Coal Age

JUN 2018

Coal Age Magazine - For more than 100 years, Coal Age has been the magazine that readers can trust for guidance and insight on this important industry.

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Page 39 of 51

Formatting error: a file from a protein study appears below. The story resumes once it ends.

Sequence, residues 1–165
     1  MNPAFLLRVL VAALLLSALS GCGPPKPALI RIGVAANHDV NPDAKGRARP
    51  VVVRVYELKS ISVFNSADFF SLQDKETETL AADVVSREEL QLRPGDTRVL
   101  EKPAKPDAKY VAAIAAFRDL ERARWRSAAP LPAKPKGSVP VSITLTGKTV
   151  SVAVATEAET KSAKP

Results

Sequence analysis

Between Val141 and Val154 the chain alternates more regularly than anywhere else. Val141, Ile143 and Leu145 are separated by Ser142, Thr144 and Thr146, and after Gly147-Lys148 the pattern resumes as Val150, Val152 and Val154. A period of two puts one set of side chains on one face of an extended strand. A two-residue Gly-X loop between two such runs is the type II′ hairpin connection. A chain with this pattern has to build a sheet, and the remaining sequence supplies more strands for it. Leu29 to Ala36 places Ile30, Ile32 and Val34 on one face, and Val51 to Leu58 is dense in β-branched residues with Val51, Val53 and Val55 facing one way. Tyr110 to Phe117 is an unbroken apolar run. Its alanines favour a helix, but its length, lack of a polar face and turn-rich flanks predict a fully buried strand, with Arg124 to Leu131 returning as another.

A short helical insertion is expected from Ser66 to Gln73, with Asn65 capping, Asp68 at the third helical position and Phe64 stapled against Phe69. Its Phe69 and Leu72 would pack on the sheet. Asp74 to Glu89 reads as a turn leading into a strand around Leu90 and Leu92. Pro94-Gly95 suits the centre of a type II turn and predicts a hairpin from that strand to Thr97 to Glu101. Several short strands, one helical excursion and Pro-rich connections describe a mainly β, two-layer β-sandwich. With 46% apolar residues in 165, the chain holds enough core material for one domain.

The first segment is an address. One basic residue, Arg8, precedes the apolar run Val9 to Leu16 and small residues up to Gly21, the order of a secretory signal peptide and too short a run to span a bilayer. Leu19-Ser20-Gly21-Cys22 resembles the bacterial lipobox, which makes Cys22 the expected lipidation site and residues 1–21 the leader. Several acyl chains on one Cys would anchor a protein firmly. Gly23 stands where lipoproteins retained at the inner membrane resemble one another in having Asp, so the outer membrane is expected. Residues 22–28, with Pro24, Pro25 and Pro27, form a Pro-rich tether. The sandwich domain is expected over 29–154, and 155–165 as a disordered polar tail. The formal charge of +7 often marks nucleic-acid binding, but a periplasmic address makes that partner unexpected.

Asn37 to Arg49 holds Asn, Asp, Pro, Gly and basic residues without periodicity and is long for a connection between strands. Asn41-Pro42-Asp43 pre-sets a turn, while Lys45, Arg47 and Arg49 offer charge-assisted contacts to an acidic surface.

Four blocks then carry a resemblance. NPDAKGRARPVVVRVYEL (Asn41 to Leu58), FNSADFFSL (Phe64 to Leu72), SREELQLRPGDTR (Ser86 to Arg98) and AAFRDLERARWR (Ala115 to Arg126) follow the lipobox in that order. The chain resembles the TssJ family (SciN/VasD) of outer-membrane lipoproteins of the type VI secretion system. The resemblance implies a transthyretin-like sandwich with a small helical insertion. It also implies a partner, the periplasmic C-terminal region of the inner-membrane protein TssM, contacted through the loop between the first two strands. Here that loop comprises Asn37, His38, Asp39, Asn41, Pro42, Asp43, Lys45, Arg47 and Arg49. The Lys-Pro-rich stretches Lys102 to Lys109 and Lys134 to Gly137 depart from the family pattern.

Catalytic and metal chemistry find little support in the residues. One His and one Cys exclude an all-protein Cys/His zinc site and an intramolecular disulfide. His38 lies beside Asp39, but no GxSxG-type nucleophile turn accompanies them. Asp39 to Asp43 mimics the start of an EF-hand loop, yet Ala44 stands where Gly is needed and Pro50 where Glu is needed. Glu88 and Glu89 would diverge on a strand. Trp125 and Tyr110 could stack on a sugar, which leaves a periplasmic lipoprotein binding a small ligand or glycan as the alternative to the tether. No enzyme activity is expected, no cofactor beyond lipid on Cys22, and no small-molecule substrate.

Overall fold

38 June 2018 operating ideas Short-Circuiting the High Cost of Transformer Upgrades Ameren's Rush Island generating station's use of retrofitted transformers offers insights for any plant that seeks to increase capacity on a budget Increase capacity. When the call comes from upper management to produce more energy, a plant manager faces the chal- lenge of upgrading the infrastructure, and upgraded power transformers often repre- sent the biggest ticket item. Adding to the expense is the fact that such change-outs usually require com- pletely reworking the connections to and from the transformer. When spatial con- straints that require rebuilding a new en- closure or pad mount are factored in, the prospect of increasing capacity can ex- plode into a budget-busting endeavor. In response, many plant managers are discovering the advantages of new retro- fit transformers. These fully customized power transformers provide the benefits of increased power capacity while dupli- cating the form and fit of the originals. The option of a perfectly matched, plug-and- play transformer holds the potential for capacity upgrades that meet regulations, timelines and budgets. The experience of one major power utility demonstrates that plant managers can successfully balance the demand for upgrades against the cost constraints set by the controller by retrofitting. Saving Money in the 'Show Me' State Since "first fire" more than 40 years ago, management at Ameren Missouri's Rush Island Energy Center in Festus, Missouri, has run a tight ship. The plant's two coal- fired generating units have often scored one and two in the nation for the lowest NOx produced by units without selective catalytic reduction, while producing 1,242 megawatts of electricity. Here, the impetus for transformer up- grade stemmed from a larger project that re- quired more power for added in-house load. "We were upgrading our bottom ash system, changing from a wet sluicing sys- tem with bottom-ash clinker grinders to a submerged flight conveyor, and the exist- ing auxiliary boiler stood in the way of the conveyor," said Herb Fischer, consulting engineer, Rush Island Technical Support. "So, we demolished the old aux's boiler and put in a new one." The jump from 75 horsepower (hp) to 250 hp needed for the forced draft fan on that boiler drove the need for the larg- er transformers. The load study called for upgrading the supply transformers from 1,000 kVA to 1,300 kVA. On the face of it, ordering bigger trans- formers with larger secondary windings would seem simple enough, except that Fischer and his team faced the difficulty of having to fit the new transformers into an existing cabinet with no leeway for extra girth. Rebuilding the enclosure and reworking the terminations would have pushed back the project deadline and led to a large cost overrun. "There were several components in- volved in making a decision for the replace- ments, and cost and fit were high on the list," continued Fischer. "For those reasons, we had to have a supplier that could handle this type of custom work, and having used ELSCO Transformers before we figured that was the route to go. They built a number of units for us that continue to operate in our boiler circulation pump application." Founded in 1912 by former Westing- house engineers, ELSCO specializes in providing new, repaired and rebuilt trans- formers with ratings ranging from 500 kVA through 3,750 kVA in 2.5, 5 and 15 kV pri- mary voltages, including both liquid-filled and dry-type models. The project took place at a dou- ble-ended unit substation within the ener- gy center and only four days were allotted for the complete removal of the old trans- formers and the installation of the two 6,900-V to 480-V replacements. "The enclosure was going to stay so the dimensions had to fit and the transform- ers had to match up with the high-voltage connection and the low voltage bus bar," explained Fischer. "Not having to perform any field modifications was critical, so only a duplicate retrofit would do." Customized transformers provide increased power capacity while duplicating the form and fit of the originals. For the retrofit manufacturing process, hand-wiring yields the highest quality.

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